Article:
Court finds cross memorial constitutional

A federal court in Md. has ruled that a cross-shaped war memorial in Prince George's County is constitutional.

A federal court in Maryland has ruled that a cross-shaped war memorial in Prince George's County is constitutional, after an organization argued the structure's presence on public land is a violation of the First Amendment.

The U.S. District Court for the District of Maryland ruled Monday that even though the Bladensburg World War I Veterans Memorial, a 40-foot-tall monument erected in 1925, takes the shape of a cross, its purpose is not primarily religious. Therefore, the court found, it does not violate the First Amendment's provision that "Congress shall make no law respecting an establishment of religion."

Known locally as the Peace Cross, the structure that stands at the intersection of Route 450 and Alternate U.S. 1 neither depicts nor mentions Jesus.

The ruling was a victory for the co-defendants in the case, the Maryland-National Capital Park and Planning Commission, the government entity that owns and controls the land on which the cross stands, and the American Legion, which erected it 90 years ago and continues to use the site for Memorial Day and Veterans Day celebrations.

It marked a setback for the American Humanist Association, a Washington-based group that describes its mission as bringing about "a progressive society where being 'good without a god' is an accepted way of life" and strengthening secular influence in government.

"We're obviously disappointed with the ruling," said Monica Miller, senior counsel for the association, which served as lead plaintiff.

"We're still reviewing and evaluating the decision and our options," she said, including the possibility of taking the case to the Fourth Circuit Court of Appeals.

In her opinion, U.S. District Judge Deborah K. Chasanow wrote that the monument's original intent was not primarily religious in nature, and it has been used almost exclusively for the nonreligious purpose of celebrating federal holidays.

At the time the memorial was built, she added, unadorned crosses were widely assumed to symbolize those who were killed in World War I, as they did in numerous European cemeteries.

Those and other factors satisfy the guidelines courts have generally used since the early 1970s in deciding cases related to the so-called establishment clause, Chasanow wrote.

"There is overwhelming evidence in the record showing that the predominant purpose of the Monument was for secular commemoration," the opinion read.

Roger Byron, senior counsel for the Liberty Institute, the Plano, Texas-based law firm representing the American Legion in the case, said he was encouraged by a ruling that "faithfully applies the law [and] helps assure both the courts and other government entities that might [want to] use religious texts or imagery that these are lawful under the First Amendment."

Byron said the plaintiffs had "tried to establish as a primary argument" that the presence of a cross on public lands is a violation of the Constitution.

Byron disagreed, arguing that inclusion of a symbol that can be construed as religious in an otherwise secular installation is not necessarily unconstitutional.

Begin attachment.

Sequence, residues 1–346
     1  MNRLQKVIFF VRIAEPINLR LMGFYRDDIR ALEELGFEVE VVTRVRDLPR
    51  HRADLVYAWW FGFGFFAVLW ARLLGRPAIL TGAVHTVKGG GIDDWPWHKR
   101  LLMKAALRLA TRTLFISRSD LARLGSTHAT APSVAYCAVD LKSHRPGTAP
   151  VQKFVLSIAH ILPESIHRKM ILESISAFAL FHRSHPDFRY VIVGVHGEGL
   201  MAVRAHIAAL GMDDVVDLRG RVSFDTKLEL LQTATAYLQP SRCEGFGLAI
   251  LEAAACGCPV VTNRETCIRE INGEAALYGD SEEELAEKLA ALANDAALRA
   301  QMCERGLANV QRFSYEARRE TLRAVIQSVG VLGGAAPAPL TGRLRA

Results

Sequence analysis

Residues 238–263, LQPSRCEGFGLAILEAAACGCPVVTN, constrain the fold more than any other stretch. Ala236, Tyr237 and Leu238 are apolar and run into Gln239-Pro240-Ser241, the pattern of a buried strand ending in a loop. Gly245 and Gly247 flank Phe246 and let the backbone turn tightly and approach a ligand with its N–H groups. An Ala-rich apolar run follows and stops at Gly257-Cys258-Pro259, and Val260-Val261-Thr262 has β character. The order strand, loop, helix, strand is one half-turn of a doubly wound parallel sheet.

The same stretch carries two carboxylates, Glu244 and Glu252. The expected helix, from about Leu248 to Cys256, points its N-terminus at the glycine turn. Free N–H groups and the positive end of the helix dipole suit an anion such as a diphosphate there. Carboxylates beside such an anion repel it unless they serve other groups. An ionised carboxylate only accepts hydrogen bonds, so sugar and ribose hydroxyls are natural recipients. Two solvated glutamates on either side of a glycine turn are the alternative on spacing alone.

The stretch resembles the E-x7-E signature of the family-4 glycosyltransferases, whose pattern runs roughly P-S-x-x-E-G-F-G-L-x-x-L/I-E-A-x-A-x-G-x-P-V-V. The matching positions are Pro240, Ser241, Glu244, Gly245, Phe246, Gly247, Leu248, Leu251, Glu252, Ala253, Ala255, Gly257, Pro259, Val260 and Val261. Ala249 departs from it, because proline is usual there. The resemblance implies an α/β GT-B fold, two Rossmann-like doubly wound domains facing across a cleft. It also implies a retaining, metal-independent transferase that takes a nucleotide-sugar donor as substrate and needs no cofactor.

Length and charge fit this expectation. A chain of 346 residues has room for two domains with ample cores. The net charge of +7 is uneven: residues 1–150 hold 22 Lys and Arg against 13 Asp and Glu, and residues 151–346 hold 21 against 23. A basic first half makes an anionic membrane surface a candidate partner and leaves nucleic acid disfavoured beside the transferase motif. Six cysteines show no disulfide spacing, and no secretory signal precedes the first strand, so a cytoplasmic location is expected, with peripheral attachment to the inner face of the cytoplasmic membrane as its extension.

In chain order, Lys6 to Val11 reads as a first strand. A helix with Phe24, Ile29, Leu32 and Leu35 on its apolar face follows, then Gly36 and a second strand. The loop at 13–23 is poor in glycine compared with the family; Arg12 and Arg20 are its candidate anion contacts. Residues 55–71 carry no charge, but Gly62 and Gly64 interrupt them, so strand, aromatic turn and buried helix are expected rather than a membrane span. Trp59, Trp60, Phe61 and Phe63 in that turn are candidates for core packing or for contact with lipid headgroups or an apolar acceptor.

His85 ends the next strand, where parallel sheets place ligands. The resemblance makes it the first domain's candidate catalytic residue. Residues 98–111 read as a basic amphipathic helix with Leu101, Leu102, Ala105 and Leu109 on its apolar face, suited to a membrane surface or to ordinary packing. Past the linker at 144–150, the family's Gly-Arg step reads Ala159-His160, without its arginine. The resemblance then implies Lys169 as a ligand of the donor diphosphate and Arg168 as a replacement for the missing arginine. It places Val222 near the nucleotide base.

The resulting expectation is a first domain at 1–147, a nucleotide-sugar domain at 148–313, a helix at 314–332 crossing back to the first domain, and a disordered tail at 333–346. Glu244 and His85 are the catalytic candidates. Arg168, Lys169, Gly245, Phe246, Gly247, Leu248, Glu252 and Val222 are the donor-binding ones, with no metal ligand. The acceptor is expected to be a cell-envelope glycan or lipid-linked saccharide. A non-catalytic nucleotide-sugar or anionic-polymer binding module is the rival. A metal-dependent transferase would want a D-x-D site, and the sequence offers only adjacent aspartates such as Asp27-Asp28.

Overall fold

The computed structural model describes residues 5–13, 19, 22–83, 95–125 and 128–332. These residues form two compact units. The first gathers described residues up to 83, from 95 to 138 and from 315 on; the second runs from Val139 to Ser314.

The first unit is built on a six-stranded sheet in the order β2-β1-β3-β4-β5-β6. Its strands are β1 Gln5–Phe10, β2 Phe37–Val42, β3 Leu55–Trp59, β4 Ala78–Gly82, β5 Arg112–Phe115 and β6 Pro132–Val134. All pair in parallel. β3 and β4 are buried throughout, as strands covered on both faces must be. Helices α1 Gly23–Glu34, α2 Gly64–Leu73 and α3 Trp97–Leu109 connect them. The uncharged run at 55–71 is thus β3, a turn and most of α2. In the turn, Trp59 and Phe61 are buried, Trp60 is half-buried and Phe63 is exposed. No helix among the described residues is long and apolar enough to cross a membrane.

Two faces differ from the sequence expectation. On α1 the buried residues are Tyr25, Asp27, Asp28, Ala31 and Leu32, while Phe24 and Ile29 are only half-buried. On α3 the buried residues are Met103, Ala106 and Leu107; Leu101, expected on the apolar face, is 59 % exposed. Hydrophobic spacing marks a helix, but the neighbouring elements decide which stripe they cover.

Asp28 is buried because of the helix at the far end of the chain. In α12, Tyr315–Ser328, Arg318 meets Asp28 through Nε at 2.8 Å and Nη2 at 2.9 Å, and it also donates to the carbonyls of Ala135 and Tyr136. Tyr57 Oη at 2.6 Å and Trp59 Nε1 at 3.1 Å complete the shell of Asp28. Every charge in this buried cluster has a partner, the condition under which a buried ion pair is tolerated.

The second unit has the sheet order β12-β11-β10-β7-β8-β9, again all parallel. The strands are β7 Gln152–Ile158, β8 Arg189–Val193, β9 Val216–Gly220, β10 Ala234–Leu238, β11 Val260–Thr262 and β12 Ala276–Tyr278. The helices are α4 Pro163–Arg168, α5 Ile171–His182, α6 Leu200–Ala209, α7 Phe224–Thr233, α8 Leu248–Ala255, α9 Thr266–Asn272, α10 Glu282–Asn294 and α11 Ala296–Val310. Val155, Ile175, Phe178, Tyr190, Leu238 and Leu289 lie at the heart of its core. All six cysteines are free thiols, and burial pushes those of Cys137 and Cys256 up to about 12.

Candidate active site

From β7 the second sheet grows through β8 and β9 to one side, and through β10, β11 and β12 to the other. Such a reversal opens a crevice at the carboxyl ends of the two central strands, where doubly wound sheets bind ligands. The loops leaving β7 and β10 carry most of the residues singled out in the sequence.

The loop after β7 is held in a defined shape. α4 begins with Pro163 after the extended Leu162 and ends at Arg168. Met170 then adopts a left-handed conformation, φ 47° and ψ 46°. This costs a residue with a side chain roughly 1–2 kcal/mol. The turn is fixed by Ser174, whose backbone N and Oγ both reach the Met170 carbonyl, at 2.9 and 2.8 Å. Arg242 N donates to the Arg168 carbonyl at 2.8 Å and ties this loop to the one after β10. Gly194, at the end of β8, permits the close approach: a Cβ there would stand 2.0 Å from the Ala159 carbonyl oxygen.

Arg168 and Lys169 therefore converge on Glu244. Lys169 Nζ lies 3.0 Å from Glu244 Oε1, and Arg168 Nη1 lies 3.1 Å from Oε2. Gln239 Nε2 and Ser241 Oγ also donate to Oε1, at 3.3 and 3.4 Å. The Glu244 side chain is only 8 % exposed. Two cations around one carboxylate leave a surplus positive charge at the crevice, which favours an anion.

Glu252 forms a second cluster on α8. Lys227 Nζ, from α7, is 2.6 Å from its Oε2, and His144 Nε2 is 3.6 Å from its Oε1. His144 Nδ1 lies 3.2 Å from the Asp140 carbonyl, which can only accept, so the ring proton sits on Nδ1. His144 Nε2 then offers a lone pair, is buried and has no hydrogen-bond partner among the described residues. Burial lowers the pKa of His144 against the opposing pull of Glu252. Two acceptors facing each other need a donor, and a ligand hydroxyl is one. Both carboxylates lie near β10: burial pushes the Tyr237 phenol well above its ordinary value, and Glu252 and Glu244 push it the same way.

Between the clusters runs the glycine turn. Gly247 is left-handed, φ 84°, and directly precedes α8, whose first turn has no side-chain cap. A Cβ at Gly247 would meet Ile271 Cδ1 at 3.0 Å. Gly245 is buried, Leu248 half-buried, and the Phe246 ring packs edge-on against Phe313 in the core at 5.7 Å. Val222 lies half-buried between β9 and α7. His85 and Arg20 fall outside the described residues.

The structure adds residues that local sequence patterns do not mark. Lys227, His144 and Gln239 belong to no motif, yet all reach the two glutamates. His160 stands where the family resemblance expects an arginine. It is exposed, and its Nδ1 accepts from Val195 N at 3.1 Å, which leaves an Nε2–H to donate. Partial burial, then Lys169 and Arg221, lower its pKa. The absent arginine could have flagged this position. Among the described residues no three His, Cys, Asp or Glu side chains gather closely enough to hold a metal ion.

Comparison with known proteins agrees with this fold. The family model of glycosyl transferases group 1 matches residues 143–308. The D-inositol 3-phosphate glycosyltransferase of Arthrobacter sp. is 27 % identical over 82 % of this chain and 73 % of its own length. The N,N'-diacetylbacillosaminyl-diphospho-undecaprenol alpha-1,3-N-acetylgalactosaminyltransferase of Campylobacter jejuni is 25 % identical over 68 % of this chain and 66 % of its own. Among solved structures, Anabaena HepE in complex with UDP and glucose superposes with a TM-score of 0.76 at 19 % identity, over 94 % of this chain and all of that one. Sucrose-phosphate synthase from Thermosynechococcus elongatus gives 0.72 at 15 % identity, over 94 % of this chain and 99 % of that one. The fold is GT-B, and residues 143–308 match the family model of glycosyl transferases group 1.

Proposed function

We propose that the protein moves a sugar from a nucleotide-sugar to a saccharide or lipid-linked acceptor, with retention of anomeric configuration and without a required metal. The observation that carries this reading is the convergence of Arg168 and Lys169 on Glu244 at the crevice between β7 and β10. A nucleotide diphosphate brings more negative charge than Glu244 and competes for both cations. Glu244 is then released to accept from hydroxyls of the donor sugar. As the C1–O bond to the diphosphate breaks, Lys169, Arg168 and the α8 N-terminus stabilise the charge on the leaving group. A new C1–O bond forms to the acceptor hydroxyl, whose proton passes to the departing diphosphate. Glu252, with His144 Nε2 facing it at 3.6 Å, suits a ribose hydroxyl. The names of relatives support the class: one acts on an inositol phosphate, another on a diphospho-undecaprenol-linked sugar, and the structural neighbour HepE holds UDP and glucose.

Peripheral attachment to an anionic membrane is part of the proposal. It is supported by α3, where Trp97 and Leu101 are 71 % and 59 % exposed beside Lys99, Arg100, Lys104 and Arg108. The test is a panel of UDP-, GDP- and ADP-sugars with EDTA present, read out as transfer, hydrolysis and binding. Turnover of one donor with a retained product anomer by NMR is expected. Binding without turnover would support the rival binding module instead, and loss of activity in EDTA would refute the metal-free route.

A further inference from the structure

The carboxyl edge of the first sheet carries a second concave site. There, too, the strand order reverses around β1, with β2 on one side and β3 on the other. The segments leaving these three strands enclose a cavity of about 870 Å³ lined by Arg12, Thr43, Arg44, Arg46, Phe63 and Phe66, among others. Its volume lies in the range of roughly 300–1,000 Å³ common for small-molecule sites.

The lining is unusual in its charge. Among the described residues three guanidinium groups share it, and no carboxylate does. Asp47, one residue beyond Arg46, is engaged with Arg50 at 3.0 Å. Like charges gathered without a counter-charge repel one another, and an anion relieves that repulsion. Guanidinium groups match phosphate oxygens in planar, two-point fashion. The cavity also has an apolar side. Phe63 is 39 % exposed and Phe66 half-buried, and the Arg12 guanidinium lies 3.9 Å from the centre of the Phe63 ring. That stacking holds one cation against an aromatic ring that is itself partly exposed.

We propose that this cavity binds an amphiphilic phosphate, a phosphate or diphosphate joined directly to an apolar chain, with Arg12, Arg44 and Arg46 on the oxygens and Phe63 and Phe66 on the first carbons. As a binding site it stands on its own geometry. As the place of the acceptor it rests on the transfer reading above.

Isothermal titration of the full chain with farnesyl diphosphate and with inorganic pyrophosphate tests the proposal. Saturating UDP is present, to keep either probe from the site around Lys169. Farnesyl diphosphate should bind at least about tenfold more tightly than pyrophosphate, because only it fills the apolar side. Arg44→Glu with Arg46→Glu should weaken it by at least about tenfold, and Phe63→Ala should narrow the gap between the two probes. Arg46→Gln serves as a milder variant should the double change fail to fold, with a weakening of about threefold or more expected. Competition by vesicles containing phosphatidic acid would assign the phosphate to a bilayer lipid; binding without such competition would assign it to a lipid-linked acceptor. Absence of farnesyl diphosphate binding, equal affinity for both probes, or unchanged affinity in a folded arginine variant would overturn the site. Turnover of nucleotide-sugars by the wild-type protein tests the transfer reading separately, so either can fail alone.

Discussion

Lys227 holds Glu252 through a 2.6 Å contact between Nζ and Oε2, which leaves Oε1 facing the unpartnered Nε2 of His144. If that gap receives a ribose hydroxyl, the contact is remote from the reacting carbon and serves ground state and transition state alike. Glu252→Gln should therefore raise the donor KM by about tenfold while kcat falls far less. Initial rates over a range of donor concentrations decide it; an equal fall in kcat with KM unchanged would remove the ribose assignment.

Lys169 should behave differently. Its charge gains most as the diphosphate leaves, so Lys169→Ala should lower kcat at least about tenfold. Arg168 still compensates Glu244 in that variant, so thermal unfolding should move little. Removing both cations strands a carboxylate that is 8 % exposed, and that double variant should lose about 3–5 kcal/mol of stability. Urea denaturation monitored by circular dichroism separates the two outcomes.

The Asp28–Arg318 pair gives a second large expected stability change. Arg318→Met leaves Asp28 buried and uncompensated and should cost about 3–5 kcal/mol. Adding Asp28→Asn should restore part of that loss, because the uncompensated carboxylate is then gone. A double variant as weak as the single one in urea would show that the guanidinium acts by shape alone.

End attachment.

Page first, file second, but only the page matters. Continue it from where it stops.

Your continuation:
The attorney added that there has been "a surge of attacks" by atheist, agnostic and humanist organizations on veterans' memorials in recent months.

He cited the cases of a 29-foot war memorial cross on public land in San Diego that was the subject of litigation for 25 years and of a makeshift war memorial in Knoxville, Iowa, that became the subject of a legal dispute this year.

The Liberty Institute defended the Mount Soledad Memorial Association, which sought to overturn a ruling by the 9th U.S. Circuit Court of Appeals in California that the cross in San Diego was unconstitutional, and is now defending Al Larsen, the 67-year-old military veteran who built the Iowa memorial — a plywood structure — in honor of a friend who was killed in action in Vietnam.

The San Diego matter was settled in July when the U.S. government sold the property to the Mount Soledad Association.

The Americans United for the Separation of Church and State sent a letter to the Knoxville City Council in August demanding the removal of the memorial, which depicts a soldier bowing at a cross-shaped grave marker. The Knoxville council voted in November to have the plywood war memorial removed, but Byron said the Liberty Institute is still pursuing the case.

The Bladensburg case was filed after Fred Edwords, a Prince George's resident and former executive director of the American Humanist Association, noticed the monument and wondered whether it was legal.

"I thought, 'Well, that's odd. What's that doing there?'" he told a Baltimore Sun reporter last year. "That certainly gives the impression of government endorsement of religion … I just wondered how that kind of thing had continued."

Edwords and two other individuals joined the humanist association in filing suit in U.S. district court in Greenbelt, and attorneys for the park and planning commission and American Legion filed court papers disputing the plaintiffs' claims.

The case drew national attention, pitting atheists and agnostics on one side against Christians and veterans on the other.

Just as happened in the San Diego and Iowa cases, a movement arose to defend the Bladensburg cross.

A Facebook group attracted more than 3,300 members from around the country, and supporters gathered more than 7,000 signatures for an online petition.

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